‘Get Out’, a chilling look at racism

Brian Lang

Catherine Keener, Bradley Whitford, Daniel Kaluuya, Betty Gabriel, and Allison Williams in Get Out (2017)
Brian Lang

Possibly the biggest breakout hit of 2017 was Jordan Peele’s horror film “Get Out,”a timely film that succeeds in the horror genre while starting a dialogue about racism in our country. Never before has an enjoyable horror film also conquered so many racial issues head-on.

When the familiar story of a boyfriend meeting his girlfriend’s family is retold, terrifying events ensue.

“Get Out” is the story of Chris, an acclaimed photographer, traveling to meet his girlfriend’s self-proclaimed progressive parents, the Armitages. Although they seem warm and friendly, their off-putting comments and subtle racism naturally makes Chris uncomfortable. When a garden party at the Armitage’s pristine estate brings more wealthy white people, Chris begins to get a feeling that all is not as it seems. Ultimately, shocking events start happening and Chris must literally “get out.”

In its first half, “Get Out” examines how “non-racist” white people and black people interact. Small remarks may seem innocuous, yet carry deep implications and the use of slang to put others at ease or seem more relatable becomes uncomfortable for all involved. I could feel the tense awkwardness as this “progressive” family tries to show Chris just how accepting they were when it really would have been much easier to treat him like they would anyone else.

While normal life for a person of color is clearly not a horror film, some aspects of life seem that way. The scene when Chris is pulled over by the police is fraught with tension as the conversation toes the line of aggressiveness. And the fear of meeting a white girlfriend’s family is common and sadly, sometimes justified. In its first half, the horror of “Get Out” comes directly from the lives of countless normal black people.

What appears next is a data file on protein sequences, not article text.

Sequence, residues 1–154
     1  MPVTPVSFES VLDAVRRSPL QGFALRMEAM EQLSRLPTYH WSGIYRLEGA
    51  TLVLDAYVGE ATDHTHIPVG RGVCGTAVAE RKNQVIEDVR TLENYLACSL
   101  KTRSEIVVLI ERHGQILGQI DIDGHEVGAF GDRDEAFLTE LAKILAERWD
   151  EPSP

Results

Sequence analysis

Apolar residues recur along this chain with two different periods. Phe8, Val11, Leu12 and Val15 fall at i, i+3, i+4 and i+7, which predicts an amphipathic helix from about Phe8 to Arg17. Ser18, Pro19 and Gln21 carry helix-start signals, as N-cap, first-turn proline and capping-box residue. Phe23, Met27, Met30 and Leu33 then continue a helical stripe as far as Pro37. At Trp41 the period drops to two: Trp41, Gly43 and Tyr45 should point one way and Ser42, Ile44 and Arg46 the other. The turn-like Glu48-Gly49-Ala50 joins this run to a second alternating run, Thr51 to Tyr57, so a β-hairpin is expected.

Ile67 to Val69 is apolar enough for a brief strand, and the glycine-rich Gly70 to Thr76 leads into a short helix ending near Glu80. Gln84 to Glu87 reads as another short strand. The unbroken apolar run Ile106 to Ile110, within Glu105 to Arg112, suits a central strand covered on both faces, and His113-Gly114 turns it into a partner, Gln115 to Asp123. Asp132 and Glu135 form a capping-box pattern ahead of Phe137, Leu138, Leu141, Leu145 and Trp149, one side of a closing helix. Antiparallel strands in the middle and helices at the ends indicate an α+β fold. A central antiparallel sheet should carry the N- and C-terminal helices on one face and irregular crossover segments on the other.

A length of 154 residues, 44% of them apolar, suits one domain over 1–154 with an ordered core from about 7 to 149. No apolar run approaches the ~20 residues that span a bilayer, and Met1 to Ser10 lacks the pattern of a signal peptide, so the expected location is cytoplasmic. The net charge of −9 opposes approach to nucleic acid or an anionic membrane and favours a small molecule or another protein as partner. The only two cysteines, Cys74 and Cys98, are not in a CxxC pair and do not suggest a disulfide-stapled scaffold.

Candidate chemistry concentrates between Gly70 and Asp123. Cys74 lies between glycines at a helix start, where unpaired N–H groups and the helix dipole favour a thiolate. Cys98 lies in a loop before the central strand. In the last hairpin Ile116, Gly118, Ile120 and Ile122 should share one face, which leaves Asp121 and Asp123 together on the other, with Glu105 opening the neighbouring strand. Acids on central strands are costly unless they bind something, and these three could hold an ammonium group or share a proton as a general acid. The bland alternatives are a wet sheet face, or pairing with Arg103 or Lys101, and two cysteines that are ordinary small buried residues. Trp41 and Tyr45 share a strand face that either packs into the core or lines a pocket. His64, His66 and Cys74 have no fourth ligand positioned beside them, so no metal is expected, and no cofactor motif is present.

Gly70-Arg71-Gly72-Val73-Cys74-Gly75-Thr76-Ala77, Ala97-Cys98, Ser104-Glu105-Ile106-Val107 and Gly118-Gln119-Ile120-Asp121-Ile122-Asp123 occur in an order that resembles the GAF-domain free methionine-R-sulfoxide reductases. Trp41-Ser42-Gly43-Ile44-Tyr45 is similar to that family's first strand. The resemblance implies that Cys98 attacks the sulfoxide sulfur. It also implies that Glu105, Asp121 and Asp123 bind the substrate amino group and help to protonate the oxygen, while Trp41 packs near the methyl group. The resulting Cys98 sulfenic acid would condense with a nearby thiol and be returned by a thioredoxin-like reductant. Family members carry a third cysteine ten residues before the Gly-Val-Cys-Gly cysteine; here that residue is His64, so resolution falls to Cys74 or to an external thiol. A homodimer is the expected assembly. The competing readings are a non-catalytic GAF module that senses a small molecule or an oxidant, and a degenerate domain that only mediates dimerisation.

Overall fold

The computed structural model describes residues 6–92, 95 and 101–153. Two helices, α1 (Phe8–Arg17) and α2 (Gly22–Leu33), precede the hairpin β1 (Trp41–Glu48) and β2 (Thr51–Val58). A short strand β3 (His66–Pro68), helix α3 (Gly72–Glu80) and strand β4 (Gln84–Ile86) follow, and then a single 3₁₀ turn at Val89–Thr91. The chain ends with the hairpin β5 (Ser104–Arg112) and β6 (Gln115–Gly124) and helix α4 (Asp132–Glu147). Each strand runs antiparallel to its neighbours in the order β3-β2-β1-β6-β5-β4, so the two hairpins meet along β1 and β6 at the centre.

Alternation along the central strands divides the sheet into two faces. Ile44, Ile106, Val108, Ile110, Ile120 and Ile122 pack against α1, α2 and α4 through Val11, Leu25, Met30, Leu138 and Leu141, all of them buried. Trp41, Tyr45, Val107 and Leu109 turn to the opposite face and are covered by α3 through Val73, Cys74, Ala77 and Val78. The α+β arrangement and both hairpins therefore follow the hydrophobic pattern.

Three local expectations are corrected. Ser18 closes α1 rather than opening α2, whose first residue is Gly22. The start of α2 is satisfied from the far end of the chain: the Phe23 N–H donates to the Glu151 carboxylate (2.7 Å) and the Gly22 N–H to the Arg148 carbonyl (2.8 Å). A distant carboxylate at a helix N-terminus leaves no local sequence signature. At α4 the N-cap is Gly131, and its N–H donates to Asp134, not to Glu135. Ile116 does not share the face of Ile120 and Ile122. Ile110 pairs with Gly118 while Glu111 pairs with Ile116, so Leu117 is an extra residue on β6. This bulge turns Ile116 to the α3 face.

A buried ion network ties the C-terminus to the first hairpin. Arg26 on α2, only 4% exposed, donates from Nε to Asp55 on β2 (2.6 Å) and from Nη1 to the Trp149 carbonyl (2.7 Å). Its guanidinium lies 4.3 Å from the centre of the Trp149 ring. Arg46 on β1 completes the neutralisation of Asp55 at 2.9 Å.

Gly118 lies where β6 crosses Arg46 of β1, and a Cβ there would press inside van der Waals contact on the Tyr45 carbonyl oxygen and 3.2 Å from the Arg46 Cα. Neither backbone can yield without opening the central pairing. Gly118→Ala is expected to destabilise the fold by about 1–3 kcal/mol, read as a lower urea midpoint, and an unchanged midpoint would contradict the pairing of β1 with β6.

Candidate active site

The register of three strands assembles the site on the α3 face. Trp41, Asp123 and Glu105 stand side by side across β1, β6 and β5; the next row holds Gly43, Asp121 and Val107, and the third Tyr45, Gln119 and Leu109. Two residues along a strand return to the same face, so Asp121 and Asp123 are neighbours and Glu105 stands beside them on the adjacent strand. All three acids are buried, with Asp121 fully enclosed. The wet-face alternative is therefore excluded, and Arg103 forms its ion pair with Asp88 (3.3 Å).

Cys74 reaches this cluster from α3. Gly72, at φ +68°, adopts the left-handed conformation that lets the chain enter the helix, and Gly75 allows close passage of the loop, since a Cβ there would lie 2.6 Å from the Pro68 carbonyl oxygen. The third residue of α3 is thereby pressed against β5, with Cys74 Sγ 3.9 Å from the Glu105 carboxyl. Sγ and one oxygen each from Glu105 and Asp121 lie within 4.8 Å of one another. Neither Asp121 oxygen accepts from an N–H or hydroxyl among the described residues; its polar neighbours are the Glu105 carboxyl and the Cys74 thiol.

The exceptional acting in this film is also something to note. Daniel Kaluuya and Allison Williams are fantastic and the ensemble of supporting characters are perfectly cast. The portrayal of the black housekeeper and gardener (Betty Gabriel and Marcus Henderson) are unsettling and convey clear clues that something is not right at the Armitage’s.

I won’t spoil the shocking plot twist that fills the second half of the film, but I will say that it definitely ramps up the exploration of racism, and symbolism abounds.

This movie stayed with me long after the credits rolled, and new symbols kept coming to mind.

The only thing I wish this movie had changed was the denouement, when the film explained what was really going on. It seemed rushed and didn’t clear everything up. I think there would have been great material to be used if Peele had stretched this sequence more.

In conclusion, “Get Out” could not come at a better time. It emphasizes the fact that both extreme racism and faux progressiveness are equally harmful. While the horror aspect of “Get Out” makes for a thrilling movie-going experience, it acts as a vehicle to open up an honest dialogue about race today.

Rating: 8/10

“Get Out” is being shown this Thursday, Feb. 8, in the Legacy Hall Multipurpose Room at 7 p.m. as a part of the “Reel to Real” program.